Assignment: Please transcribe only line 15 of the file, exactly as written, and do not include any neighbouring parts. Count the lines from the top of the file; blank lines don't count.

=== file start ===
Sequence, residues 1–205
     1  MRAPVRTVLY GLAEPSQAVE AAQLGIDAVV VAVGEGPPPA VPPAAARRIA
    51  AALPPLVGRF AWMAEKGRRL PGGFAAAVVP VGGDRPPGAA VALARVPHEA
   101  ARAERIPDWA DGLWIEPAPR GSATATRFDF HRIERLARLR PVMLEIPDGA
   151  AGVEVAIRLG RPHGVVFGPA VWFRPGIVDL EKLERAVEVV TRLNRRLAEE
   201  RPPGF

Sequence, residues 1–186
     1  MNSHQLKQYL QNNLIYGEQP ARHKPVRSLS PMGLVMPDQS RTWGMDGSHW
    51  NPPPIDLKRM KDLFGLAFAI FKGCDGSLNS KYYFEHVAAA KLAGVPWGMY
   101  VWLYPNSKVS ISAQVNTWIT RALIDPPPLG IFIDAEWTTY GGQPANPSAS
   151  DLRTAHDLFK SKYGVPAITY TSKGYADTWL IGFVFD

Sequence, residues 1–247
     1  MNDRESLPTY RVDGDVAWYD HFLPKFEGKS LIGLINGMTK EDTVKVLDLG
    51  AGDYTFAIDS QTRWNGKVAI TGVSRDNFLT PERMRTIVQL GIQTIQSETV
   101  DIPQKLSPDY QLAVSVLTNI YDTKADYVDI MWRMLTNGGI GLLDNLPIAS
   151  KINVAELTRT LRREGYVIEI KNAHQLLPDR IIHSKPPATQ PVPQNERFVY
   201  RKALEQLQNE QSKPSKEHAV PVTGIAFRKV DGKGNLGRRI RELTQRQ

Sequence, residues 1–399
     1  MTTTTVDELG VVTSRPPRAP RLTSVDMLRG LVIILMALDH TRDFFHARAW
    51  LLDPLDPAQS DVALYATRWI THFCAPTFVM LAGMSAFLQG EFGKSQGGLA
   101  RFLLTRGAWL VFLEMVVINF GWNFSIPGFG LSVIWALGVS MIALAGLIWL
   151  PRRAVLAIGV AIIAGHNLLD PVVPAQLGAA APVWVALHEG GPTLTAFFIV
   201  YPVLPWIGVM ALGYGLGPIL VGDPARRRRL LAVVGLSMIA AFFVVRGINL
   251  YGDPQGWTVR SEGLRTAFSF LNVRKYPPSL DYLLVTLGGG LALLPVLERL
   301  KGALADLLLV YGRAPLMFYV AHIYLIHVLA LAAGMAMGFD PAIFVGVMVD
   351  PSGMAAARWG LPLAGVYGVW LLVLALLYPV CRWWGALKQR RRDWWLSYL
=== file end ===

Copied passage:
   101  DIPQKLSPDY QLAVSVLTNI YDTKADYVDI MWRMLTNGGI GLLDNLPIAS